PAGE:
― 147 ―

7. Chapter I.


UPON bringing to a close the narrative of an Expedition of Discovery in Australia, during the progress of which an extensive portion of the previously unknown parts of that continent were explored, I have thought it might not be uninteresting to introduce a few pages on the subject of the Aborigines of the country.

It would afford me much gratification to see an interest excited on their behalf proportioned to the claims of a people who have hitherto been misjudged or misrepresented.

For the last twelve years I have been personally resident in one or other of the Australian Colonies, and have always been in frequent intercourse with the  aboriginal next hit tribes that were near, rarely being

  ― 148 ―
without some of them constantly with me as domestics.

To the advantages of private opportunities of acquiring a knowledge of their character were added, latterly, the facilities afforded by my holding a public appointment in South Australia, in the midst of a district more densely populated by natives than any in that Colony, where no settler had ventured to locate, and where, prior to my arrival in October 1841, frightful scenes of bloodshed, rapine, and hostility between the natives and parties coming overland with stock, had been of frequent and very recent occurrence.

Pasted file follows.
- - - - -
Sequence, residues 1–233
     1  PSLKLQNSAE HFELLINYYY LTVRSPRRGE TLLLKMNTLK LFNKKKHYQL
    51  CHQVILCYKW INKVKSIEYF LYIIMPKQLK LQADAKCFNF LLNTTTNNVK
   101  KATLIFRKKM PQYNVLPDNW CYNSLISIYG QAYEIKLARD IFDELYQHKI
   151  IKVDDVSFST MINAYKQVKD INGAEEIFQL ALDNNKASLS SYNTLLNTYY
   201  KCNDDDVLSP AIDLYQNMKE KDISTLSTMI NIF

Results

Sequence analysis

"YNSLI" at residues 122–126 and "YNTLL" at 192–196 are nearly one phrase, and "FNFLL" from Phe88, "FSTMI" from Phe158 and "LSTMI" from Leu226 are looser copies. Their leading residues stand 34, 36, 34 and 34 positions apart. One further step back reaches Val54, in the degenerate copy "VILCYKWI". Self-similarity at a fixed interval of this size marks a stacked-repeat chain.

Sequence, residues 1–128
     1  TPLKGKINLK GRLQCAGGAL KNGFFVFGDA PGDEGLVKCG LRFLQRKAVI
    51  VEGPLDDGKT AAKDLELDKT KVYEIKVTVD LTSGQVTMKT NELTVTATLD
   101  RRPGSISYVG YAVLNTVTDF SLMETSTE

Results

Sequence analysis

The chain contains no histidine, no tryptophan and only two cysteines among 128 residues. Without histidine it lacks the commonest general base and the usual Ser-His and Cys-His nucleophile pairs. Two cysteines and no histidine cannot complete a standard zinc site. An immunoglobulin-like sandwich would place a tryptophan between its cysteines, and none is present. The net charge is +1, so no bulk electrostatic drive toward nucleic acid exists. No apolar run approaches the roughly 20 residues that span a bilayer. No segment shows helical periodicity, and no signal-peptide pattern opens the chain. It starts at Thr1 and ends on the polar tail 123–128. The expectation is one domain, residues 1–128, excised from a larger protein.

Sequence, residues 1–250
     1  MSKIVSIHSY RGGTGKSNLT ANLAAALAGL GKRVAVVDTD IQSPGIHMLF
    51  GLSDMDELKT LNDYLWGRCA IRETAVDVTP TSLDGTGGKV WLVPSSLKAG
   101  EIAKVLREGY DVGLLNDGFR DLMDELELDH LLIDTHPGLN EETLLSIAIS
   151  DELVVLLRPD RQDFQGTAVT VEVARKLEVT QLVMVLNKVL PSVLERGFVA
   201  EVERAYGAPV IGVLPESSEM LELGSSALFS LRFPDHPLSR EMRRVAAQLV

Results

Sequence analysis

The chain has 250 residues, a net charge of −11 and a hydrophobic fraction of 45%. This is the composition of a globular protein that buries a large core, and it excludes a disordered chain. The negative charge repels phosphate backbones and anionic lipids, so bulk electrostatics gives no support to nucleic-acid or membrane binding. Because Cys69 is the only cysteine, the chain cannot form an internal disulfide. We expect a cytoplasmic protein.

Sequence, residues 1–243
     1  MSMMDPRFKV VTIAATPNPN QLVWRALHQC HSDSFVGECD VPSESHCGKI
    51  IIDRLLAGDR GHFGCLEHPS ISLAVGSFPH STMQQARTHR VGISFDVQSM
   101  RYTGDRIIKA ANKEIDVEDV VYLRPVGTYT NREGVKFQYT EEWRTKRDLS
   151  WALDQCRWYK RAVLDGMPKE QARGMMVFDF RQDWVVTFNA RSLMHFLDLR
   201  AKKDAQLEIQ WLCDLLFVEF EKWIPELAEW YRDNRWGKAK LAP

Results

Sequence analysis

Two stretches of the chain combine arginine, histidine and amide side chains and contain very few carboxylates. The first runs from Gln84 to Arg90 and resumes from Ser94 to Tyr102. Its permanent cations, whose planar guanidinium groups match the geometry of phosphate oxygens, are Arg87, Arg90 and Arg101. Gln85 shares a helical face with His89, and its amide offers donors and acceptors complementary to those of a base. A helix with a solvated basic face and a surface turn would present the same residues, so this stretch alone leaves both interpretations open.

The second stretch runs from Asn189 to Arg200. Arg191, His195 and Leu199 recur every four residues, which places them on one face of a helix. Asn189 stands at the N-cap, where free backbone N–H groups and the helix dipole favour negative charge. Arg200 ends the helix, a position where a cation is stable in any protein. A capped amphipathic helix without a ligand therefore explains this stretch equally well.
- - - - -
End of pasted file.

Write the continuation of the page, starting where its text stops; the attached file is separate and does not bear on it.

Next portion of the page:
As Resident Magistrate of the Murray District, I may almost say, that for the last three years I have lived with the natives. My duties have frequently taken me to very great distances up the Murray or the Darling rivers, when I was generally accompanied only by a single European, or at most two, and where, if attacked, there was no possibility of my receiving any human aid. I have gone almost alone among hordes of those fierce and blood-thirsty savages, as they were then considered, and have stood singly amongst them in the remote and trackless wilds, when hundreds were congregated around, without ever receiving the least injury or insult.

In my first visits to the more distant tribes I found them shy, alarmed, and suspicious, but soon learning that I had no wish to injure them, they

  ― 149 ―
met me with readiness and confidence. My wishes became their law; they conceded points to me that they would not have done to their own people, and on many occasions cheerfully underwent hunger, thirst, and fatigue to serve me.